Records snag causes health risk – – Records snag causes health risk: Conditon of chronic disease patients in jeopardy by lack of electronic information system: Report
May 21, 2008. Rob Ferguson, Queen’s Park Bureau

An estimated 8,000 Ontarians die needlessly from chronic diseases every year in part because of the government’s slow progress in setting up a system of electronic health records.

That’s a key conclusion in the annual report of the Ontario Health Quality Council, a provincial agency that found fewer than half of diabetics, for example, get enough testing and monitoring to keep their blood sugar under control.

That kind of statistic is “staggering,” said council chair Ray Hession.

About one-third of Ontarians have chronic conditions, such as diabetes, heart disease, asthma, emphysema and arthritis – with that rate rising to 80 per cent for people over 65.

“It is getting to the point where failure to adopt and use information systems is putting whole sections of the Ontario population at a disadvantage when it comes to health care,” the report stated.

Tracking diabetics through electronic health records – reminding them when they need tests or monitoring – would improve the situation and lead to fewer health complications, the report said.

“The province needs to do a much better job of managing chronic disease,” Hession told a news conference at Queen’s Park. “This is our number one concern. Ontario is failing to meet the chronic disease challenge.”

Electronic health records would mean health-care providers would have a patient’s medical history “at their fingertips,” said NDP health critic France Gélinas (Nickel Belt), the former director of a Sudbury community health clinic.

“If you’re serious about turning health care around, chronic disease is the key.”

The report’s statistics are based on a 2006 survey of 4,108 patients at 137 medical practices, excluding Northern Ontario.

The annual report also found:

60 per cent of Ontarians can’t get in to see their family doctor within two days of becoming sick.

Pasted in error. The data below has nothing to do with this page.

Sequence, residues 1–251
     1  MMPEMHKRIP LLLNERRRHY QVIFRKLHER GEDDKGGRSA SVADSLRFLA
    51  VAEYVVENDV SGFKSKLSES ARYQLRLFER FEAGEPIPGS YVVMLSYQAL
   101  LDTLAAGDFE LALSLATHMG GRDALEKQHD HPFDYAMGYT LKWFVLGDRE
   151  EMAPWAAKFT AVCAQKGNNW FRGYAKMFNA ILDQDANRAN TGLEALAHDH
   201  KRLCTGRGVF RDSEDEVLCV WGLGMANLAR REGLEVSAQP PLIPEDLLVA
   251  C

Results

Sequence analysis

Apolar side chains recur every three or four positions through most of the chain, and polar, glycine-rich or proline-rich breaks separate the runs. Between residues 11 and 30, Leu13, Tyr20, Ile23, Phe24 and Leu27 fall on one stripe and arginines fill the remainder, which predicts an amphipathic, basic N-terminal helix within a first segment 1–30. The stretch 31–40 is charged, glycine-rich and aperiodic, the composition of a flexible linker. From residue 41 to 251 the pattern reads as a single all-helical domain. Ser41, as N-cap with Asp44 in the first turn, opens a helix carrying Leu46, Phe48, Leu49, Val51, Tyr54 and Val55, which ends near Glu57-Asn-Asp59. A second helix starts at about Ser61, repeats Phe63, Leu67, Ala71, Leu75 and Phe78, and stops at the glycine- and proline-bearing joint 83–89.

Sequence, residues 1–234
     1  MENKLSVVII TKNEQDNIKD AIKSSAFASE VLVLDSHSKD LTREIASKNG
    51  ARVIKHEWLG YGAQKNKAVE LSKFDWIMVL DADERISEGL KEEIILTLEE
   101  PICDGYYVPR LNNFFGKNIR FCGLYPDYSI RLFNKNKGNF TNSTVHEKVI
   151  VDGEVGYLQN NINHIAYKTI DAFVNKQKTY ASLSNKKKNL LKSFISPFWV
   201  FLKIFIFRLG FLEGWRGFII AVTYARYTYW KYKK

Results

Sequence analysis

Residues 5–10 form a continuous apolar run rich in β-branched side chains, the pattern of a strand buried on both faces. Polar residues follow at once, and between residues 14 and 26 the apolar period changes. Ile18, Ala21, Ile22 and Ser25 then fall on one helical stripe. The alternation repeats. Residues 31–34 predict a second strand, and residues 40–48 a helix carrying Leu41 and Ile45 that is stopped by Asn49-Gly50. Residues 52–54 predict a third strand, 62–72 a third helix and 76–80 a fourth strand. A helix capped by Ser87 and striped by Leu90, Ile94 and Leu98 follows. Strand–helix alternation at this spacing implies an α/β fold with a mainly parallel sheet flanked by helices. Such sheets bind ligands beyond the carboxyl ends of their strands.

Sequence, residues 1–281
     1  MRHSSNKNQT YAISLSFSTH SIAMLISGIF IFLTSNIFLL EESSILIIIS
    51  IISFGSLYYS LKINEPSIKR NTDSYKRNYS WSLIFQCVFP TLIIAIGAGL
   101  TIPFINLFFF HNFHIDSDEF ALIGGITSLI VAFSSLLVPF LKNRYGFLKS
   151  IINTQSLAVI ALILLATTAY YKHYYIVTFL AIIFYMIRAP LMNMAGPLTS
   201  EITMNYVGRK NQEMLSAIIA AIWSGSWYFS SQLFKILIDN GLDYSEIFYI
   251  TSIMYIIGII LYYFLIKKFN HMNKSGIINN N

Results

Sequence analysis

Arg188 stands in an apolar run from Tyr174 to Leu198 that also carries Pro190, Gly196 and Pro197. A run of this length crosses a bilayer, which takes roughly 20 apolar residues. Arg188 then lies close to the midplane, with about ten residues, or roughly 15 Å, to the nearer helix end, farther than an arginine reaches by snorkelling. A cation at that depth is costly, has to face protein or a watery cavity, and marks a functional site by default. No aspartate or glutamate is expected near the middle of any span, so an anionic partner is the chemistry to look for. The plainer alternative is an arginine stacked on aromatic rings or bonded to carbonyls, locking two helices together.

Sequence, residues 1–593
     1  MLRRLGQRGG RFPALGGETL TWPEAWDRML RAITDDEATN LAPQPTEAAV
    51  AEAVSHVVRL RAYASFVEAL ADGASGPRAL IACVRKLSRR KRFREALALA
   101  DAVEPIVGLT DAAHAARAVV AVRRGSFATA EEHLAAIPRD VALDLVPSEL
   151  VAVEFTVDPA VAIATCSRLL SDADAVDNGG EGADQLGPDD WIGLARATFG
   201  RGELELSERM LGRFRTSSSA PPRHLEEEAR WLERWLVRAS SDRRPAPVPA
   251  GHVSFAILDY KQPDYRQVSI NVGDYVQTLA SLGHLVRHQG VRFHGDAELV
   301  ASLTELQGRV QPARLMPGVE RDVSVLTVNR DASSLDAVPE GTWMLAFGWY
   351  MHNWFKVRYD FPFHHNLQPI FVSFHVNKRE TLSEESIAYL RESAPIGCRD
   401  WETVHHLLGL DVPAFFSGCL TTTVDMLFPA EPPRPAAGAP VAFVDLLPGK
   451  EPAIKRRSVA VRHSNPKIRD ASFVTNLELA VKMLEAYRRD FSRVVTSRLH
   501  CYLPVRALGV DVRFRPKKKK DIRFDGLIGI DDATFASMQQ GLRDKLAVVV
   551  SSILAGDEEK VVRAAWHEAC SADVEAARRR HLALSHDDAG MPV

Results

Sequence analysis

400,000 Ontarians are looking for a family doctor, although 800,000 citizens do not have one.

Waits for MRI examinations are too long at an average 111 days despite a doubling in the number of scans performed. The government’s target is 28 days.

Improvements in patient safety have been minimal, with the rates of life-threatening infections picked up in hospitals “barely changed” in five years.

About 1 in 10 nursing home residents still have falls resulting in trips to emergency rooms.

However, in general, the health system is working “pretty well,” Hession said.

While the Liberal government promised in last fall’s election campaign to have a system of electronic health records by 2015, Hession said he has yet to see a plan with timelines to make it happen.

Despite the council’s urgings on this front in previous years, a plan is still not complete and no date has been set for its release.

“We’re working on it,” said Laurel Ostfield, spokesperson for Health Minister George Smitherman, who was unavailable for comment.

In the meantime, Ontario is starting a registry for diabetes patients this year, as part of an effort to keep more chronic disease patients in good health and out of emergency rooms, she said.

The electronic health records delay is unacceptable given that the government has been in power for almost five years, said Progressive Conservative health critic Elizabeth Witmer.

Smart Systems for Health, the government agency building an electronic health records system, has spent more than $650 million so far with “very little to show for it,” Witmer said.

An investigation by the Toronto Star in 2005 first revealed the delays at the agency and a consultant found last year that the agency was poorly regarded in the health-care community, lacked strategic direction and had not been held properly accountable by the government.

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